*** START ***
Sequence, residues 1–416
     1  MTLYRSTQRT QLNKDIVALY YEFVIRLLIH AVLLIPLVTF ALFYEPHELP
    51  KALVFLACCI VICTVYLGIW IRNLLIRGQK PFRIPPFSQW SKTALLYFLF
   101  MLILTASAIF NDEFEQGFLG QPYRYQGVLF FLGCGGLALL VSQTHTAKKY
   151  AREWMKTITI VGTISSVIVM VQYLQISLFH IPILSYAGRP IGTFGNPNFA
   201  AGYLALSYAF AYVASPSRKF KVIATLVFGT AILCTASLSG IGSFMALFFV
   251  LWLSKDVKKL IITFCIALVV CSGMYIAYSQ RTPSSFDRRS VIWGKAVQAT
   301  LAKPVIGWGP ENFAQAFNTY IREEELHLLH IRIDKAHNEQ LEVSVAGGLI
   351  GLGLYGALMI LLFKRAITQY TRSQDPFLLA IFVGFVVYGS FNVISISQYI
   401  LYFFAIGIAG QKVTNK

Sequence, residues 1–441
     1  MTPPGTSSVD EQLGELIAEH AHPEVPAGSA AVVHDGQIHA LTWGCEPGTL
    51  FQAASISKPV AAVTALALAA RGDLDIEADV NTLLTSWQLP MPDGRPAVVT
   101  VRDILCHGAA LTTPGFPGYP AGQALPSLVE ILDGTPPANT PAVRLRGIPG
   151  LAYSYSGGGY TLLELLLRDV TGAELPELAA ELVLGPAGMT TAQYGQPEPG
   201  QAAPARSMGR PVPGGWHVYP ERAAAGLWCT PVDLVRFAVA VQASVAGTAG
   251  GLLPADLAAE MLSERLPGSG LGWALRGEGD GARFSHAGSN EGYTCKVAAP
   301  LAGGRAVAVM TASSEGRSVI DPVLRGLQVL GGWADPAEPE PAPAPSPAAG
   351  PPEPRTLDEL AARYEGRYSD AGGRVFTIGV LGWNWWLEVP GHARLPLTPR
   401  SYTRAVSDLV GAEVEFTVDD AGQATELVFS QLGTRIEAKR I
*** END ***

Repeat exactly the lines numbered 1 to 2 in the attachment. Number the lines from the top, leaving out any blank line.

Sequence, residues 1–416
     1  MTLYRSTQRT QLNKDIVALY YEFVIRLLIH AVLLIPLVTF ALFYEPHELP